"All daemons made when sysvinit was king will work with systemd. It is backward compatible, even with sysvinit scripts (there are some few documented corner cases)"
Yes. But that's completely beside the point.
The problem described is not that old stuff won't work/is portable; the problem is that new stuff, stuff that use fancy systemd-specific parts, are not portable. This means there will be great services, down the road, that people will want to run on other UNIX-like OSes than Linux, like say, FreeBSD or OSX.
Before systemd, this was easy to accomplish. After systemd, you need to write a software abstraction layer that hides the systemd-specific parts. It's a giant problem just waiting to come up and bite someone in the ass.
You have to realize that the reason future software project may have trouble running on non-systemd platforms are because those platforms are sagging hopelessly behind the technology curve
Upstream projects are using systemd features because they solve real world problems in an easy and distro-agnostic way, and that systemd software is actually much more portable across systemd distros, than Linux software ever was.
The important point here, what so many seems to miss, is that upstream projects like KDE and Gnome, happily will make their software run on non-systemd platforms if the non-systemd platforms would actually help out to accomplish this. Upstream projects don't need shims or compatibility layers; they just want API's and software functions that are comparable to systemd's, but no one seems to provide them with this.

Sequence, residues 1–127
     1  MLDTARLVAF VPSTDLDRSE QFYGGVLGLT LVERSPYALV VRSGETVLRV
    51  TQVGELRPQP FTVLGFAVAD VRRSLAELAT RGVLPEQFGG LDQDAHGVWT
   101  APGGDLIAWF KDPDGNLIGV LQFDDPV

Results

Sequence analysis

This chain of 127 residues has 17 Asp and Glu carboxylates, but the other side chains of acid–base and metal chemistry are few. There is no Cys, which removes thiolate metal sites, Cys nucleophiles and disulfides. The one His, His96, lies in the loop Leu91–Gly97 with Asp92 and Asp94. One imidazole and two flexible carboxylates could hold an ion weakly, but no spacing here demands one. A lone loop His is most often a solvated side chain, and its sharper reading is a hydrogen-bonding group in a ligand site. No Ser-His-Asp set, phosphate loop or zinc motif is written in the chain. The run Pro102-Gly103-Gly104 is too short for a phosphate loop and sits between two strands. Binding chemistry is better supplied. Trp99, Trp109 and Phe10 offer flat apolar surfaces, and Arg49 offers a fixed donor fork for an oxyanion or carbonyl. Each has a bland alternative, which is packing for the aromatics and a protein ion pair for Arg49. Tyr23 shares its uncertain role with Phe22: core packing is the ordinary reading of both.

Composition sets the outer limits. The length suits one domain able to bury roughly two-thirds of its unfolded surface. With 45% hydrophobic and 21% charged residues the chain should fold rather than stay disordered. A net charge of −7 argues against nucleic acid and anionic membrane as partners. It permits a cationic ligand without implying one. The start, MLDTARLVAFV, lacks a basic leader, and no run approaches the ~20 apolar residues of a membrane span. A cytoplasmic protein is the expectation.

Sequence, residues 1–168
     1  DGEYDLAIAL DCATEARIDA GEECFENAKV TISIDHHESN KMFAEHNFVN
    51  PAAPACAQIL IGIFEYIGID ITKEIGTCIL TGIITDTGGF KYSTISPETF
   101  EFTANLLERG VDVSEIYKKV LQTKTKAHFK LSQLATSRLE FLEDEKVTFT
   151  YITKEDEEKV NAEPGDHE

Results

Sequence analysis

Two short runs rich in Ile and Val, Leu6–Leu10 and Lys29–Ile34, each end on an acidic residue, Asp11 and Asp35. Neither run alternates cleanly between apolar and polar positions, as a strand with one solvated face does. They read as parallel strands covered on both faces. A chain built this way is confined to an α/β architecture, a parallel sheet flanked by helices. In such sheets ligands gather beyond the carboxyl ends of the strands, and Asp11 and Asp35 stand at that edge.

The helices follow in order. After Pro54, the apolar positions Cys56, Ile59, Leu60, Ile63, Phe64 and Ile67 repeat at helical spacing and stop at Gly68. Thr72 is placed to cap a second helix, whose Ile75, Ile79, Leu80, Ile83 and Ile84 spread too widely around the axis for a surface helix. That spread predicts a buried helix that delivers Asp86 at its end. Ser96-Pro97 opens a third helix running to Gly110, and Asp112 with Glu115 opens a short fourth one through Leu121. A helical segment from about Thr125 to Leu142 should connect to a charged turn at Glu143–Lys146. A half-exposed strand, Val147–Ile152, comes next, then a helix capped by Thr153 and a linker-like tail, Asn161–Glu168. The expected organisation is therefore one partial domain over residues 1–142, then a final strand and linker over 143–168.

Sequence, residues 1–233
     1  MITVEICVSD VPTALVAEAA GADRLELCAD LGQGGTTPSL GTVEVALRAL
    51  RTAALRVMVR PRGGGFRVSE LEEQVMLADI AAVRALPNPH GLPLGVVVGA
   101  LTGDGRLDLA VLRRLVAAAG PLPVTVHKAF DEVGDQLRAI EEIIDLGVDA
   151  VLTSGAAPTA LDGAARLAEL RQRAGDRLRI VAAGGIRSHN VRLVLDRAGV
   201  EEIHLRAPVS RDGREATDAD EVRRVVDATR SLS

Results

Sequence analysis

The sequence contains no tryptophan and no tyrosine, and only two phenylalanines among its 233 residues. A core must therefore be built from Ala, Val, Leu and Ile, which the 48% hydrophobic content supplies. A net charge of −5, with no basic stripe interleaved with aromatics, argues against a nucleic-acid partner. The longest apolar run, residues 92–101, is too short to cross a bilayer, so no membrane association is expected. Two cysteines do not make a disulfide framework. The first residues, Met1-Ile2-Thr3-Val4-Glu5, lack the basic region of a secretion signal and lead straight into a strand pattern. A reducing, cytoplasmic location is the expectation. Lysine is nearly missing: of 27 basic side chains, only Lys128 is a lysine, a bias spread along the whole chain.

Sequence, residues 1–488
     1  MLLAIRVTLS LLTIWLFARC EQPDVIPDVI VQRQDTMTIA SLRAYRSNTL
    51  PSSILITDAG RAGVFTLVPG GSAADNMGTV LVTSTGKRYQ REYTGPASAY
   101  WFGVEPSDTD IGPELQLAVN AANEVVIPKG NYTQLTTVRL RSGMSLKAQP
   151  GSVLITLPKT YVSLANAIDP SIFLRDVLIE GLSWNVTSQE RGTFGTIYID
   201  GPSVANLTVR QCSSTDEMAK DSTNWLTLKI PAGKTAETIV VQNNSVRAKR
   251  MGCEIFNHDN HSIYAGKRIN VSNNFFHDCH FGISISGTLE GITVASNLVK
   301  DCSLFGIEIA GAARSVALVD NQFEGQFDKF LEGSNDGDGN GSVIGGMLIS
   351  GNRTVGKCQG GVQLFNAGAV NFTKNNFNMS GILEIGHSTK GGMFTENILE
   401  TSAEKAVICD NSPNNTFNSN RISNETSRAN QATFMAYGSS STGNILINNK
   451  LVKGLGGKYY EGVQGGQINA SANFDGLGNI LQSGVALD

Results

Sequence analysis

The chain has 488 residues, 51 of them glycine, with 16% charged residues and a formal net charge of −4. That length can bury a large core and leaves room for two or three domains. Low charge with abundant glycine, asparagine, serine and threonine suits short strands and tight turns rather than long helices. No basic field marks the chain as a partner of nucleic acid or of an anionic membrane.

Take fx. KDE's new login manager (the old "KDM" doesn't support Wayland etc). They choose an emerging project with good systemd and Wayland support, but since this was a new project, it didn't support ConsoleKit, that is the only existing alternative to systemd's "logind". The problem is that ConsoleKit is basically dead and bit-rotting, and hard to program against, and KDE's own developer resources are stretched to the limit, so adding ConsoleKit support on their new login manager just isn't being worked upon. And no one outside KDE, from non-systemd platforms are stepping up and helping KDE either.
So that component is now "systemd only", simply because KDE have no real alternative, and no one are helping them.
So either *BSD developers start helping upstream DE projects to work on their non-systemd platforms, or they will have to live with reduced DE functionality. Hardly unfair that they will have to provide a minimum of support to have advanced DE's at their disposal for free.